05 Aug 2010

How to Select Fresh-Cut Gladiolus

Gladiolus

[Gladioli Day 3 after purchase]

gladiola floret closed

[Gladiolus floret bud, day 1, purchase state]

chartreuse gladiola

[Gladioli, day 1, purchase or harvest state]

Gladioli have made a kind of comeback in recent years. They no longer suffer from the widespread stigma of being a dated, old-fashioned funeral flower because of the diversity of colors and forms that hybridization from the last few decades have brought.  Today, you can find them in every color imaginable and in interesting bi-colors.  Although available from florists year round, around here, they are only available from local markets  during summer, July to September.

Selecting Glads from a Vendor

Because I’ve yet to see any of the “Glamini,” compact, or dwarf varieties being sold at the fresh-cut market, this post is for the traditional tall glads.  For selection, look for long, straight spikes with at least one or two florets on the verge of opening.  The majority of florets should be in bud, unopened.   Also, there should be about ten to twelve florets for each spike.  If there are fewer than ten, check to see if any spent flowers at the bottom of the stalk have been picked.  If the stems are short, and you can tell some florets are gone, ask for a discount because it means the stalks are likely past their prime.  Similarly, if more than half of the florets are fully open, it usually indicates the flowers are mature and you shouldn’t expect them to last for longer than a week.  Basically, at a flower vendor you are looking for three-foot long, straight spikes with at least 10 florets that are mostly in bud.  To me, it’s okay if a couple of spikes are not straight the lines can be interesting and Gladiolus is sensitive to the force of gravity, so you may see curvature; if at a vendor, check any curved tips to ensure it is not caused from a break or withering buds.

Garden Harvest

If you are harvesting from your garden and don’t want to worry about the florets not fully opening, pick your glads when they are a quarter to half-open.  Also be sure to condition them with preservative (sugar helps them open) and keep them warm.  Cold will prevent full opening.  Another tip if you want straight stalks for designing is to always keep the stalks straight by using a mesh grid in your bucket while you condition them.  Finally, you can cut off the terminal bud to prevent tropisms.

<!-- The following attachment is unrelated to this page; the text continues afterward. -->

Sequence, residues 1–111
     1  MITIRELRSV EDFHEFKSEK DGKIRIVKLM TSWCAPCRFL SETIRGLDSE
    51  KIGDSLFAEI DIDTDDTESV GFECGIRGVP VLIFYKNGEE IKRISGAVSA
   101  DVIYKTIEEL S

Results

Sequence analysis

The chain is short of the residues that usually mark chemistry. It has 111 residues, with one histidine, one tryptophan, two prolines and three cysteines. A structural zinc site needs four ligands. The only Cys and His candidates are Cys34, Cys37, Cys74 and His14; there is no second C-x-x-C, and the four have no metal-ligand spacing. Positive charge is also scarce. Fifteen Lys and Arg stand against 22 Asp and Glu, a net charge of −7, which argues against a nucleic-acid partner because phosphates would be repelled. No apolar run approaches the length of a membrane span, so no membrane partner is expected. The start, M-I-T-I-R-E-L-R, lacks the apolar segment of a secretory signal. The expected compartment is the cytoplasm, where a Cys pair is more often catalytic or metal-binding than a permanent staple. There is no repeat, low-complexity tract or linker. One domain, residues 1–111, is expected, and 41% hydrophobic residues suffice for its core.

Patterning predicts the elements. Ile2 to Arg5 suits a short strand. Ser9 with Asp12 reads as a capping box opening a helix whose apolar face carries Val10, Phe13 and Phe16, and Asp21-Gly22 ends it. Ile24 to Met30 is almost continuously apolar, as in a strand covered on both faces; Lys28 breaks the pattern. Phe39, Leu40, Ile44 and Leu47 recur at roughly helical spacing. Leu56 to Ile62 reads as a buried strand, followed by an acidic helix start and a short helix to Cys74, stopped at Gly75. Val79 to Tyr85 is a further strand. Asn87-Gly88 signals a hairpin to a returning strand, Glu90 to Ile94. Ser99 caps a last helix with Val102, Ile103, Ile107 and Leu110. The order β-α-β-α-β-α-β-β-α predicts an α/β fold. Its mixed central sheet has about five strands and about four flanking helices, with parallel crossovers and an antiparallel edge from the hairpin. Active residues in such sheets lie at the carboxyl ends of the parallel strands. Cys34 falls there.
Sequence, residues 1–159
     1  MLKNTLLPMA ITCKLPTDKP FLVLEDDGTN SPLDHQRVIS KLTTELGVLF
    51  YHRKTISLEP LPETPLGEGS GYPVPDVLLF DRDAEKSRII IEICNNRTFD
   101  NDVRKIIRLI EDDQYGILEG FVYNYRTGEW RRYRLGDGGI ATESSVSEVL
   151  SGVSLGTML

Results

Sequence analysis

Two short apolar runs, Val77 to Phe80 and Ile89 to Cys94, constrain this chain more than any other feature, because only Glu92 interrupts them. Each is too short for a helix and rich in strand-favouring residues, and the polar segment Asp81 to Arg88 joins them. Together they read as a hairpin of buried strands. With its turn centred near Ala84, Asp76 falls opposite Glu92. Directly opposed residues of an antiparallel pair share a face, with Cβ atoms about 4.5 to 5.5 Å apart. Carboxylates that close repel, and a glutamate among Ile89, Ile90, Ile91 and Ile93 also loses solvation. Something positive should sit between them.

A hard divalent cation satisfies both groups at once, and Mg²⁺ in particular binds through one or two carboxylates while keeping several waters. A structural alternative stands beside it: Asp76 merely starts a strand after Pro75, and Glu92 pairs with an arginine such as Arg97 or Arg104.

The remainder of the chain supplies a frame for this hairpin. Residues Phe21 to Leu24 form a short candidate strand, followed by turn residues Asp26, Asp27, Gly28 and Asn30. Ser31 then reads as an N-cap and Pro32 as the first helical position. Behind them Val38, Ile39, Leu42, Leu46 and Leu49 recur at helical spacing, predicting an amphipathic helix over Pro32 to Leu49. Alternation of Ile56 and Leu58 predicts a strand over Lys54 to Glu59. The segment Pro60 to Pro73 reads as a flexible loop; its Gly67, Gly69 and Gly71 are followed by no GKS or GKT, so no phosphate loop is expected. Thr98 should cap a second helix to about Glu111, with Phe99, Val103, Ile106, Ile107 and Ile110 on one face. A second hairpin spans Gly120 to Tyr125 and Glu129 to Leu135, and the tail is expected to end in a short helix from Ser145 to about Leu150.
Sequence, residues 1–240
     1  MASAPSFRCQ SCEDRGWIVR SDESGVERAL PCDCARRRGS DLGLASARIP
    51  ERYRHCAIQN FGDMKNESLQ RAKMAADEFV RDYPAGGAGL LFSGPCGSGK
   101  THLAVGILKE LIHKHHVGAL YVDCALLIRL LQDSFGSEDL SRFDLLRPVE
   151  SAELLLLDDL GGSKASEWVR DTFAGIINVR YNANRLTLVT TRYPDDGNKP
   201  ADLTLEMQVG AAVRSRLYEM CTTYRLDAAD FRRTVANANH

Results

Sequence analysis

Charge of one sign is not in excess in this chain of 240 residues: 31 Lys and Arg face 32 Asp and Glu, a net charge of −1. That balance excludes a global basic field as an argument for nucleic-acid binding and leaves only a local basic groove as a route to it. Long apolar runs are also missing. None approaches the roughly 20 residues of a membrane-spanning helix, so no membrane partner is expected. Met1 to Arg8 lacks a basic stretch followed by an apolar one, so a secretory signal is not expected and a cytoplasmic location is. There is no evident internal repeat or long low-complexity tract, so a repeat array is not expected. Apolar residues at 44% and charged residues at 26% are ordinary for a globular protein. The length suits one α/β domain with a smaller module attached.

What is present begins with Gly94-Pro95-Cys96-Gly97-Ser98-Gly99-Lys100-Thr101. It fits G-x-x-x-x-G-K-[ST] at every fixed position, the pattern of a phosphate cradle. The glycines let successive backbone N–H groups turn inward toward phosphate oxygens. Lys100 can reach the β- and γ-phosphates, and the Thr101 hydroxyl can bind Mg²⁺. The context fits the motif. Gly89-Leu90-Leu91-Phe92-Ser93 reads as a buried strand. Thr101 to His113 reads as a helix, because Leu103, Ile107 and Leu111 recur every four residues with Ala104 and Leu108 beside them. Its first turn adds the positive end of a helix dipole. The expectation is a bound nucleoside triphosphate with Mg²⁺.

Generally, fresh-cut gladioli is long lasting.  They can last for about 2 weeks.  What will hasten their demise is ethylene, so keep them away from ripening fruits and vegetables.  While the open flowers are not vulnerable, buds with too much exposure will expire prematurely, which will shorten your enjoyment time.  To ensure the longest life, you should remove any spent, faded buds; change the water about every two days; use a preservative; and, re-cut the stem while under water.  I like to switch to a different container for the second week of display because cutting the stalk down takes away quite a bit of height, plus changing containers helps the flowers stay interesting.  Another tip:  if you want to keep the flowers and your display area clean, you can remove the pollen that creates dust by gently pulling the anthers off.

Glads have always been one of my favorites because they offer so much.  They’re dramatic, have a lot of mileage and remind me of orchids and Iris, but cost only a third as much.  Plus, they are very easy to grow and propagate.  I think gardeners who grow glads don’t really have the funerary association.  For me, bright glads swaying in the flowerbed distance sound-off Summertime!

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